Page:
Notes

  1. Peter B. Wight, “Building Contracts,” in Proceedings of the First Annual Convention of the National Association of Builders of the United States of America (Boston: Rockwell & Church, 1887), 43.
  2. Wight, 43-44.
  3. The WAA was a short-lived organization founded in 1884 of mostly Chicago-based architects. In 1889 it merged with the AIA. For more on the AIA’s ongoing role in the standardization of construction contracts, see The American Institute of Architects Official Guide to the 2007 AIA Contract Documents (Hoboken, NJ: John Wiley & Sons, 2009). See also George Barnett Johnston, Assembling the Architect: The History and Theory of Professional Practice (London: Bloomsbury Visual Arts, 2020), 14-20.
  4. John S. Stevens, president’s address to the convention, in Proceedings of the Third Annual Convention of the National Association of Builders of the United States of America (Philadelphia: Brailey, Guilbert & Haas, Stenographers, 1889), 6.
  5. “Report of Committee on Uniform Contracts,” in Third Annual Convention, 37.
  6. “The Uniform Contract,” Carpentry and Building 13, no. 5 (May 1891): 128.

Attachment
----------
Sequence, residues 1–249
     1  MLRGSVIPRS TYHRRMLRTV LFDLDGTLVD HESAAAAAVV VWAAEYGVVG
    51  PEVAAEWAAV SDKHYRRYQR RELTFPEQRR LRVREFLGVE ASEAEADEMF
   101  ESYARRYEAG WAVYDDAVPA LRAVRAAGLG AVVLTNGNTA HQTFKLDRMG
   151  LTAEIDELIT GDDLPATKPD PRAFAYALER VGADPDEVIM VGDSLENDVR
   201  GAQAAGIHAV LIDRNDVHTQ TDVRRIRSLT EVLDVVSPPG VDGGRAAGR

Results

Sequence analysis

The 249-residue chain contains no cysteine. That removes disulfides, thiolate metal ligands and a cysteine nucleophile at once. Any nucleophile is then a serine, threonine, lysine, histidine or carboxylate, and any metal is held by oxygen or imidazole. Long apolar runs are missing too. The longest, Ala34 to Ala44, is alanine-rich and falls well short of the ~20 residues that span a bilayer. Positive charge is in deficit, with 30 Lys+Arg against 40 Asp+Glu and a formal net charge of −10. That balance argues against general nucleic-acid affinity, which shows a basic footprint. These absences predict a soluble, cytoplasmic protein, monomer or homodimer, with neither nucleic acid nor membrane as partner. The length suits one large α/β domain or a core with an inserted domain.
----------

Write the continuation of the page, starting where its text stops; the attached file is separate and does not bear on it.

7. “Report of Committee on Uniform Contracts,” 37; O. P. Hatfield, Alfred Stone, and J. H. Windrim, “Report of Special Committee on a Uniform Building Contract,” in Proceedings of the Twenty-Second Annual Convention of the American Institute of Architects, ed. A. J. Bloor (New York: Oberhauser & Co., 1889), 63.
  8. Hatfield, Stone, and Windrim, 63.
  9. Inland Architect and News Record 12, no. 3 (October 1888): 22.
  10. Historians of capitalism have argued that while markets may be found throughout history, it is only in the 19th century that “societies with markets become market societies; that is, only then did exchange transcend the temporal and spatial boundaries to which it had long been confined, either by law or circumstance, and come to characterize all spheres of life.” Michael Zakim and Gary J. Kornblith, “An American Revolutionary Tradition,” in Capitalism Takes Command: The Social Transformation of Nineteenth-Century America, ed. Michael Zakim and Gary J. Kornblith (Chicago: University of Chicago Press, 2012), 4. See also Amy Dru Stanley, From Bondage to Contract: Wage Labor, Marriage, and the Market in the Age of Slave Emancipation (New York: Cambridge University Press, 1998).

About the Author

Chelsea Spencer

Chelsea Spencer is a Ph.D. candidate in the History, Theory, and Criticism of Architecture and Art program at the Massachusetts Institute of Technology. Her dissertation examines the rise of general contracting in the United States in the late 19th and early 20th centuries. More generally, her research concerns the histories of information, capitalism, and the built environment. Chelsea received an MDes in History and Philosophy of Design from the Harvard Graduate School of Design, where she cofounded the biweekly zine Open Letters, and a B.A. in art and architectural history from Emory University. Before beginning her studies at MIT, Spencer was Managing Editor of Log.